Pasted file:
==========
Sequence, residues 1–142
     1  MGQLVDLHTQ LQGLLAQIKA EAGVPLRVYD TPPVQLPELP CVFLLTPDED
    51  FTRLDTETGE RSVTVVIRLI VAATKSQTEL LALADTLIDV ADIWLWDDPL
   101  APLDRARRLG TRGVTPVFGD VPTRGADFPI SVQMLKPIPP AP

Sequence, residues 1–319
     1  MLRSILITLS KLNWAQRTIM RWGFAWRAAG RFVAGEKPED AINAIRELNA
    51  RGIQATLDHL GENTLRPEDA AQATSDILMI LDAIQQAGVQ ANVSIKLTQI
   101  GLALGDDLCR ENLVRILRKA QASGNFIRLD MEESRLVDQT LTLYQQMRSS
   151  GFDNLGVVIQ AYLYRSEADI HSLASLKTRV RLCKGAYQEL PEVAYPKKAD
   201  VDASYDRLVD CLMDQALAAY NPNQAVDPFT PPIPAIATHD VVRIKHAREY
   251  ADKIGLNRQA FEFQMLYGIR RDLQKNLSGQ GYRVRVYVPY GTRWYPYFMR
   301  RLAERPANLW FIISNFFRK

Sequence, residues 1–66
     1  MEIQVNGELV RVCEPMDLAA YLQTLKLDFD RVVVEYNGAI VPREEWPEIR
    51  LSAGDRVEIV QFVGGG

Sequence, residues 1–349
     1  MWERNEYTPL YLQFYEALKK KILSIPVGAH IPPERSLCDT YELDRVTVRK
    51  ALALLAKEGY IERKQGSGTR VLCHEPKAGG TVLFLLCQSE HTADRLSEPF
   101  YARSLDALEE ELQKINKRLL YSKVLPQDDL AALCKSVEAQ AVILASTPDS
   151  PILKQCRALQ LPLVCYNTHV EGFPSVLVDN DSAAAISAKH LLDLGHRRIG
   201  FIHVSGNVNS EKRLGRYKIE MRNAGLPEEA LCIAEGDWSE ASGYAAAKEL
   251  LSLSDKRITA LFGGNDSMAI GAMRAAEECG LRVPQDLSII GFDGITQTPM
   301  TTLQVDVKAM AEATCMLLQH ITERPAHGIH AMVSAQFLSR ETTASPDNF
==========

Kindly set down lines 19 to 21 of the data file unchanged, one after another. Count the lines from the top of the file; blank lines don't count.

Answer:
   101  YARSLDALEE ELQKINKRLL YSKVLPQDDL AALCKSVEAQ AVILASTPDS
   151  PILKQCRALQ LPLVCYNTHV EGFPSVLVDN DSAAAISAKH LLDLGHRRIG
   201  FIHVSGNVNS EKRLGRYKIE MRNAGLPEEA LCIAEGDWSE ASGYAAAKEL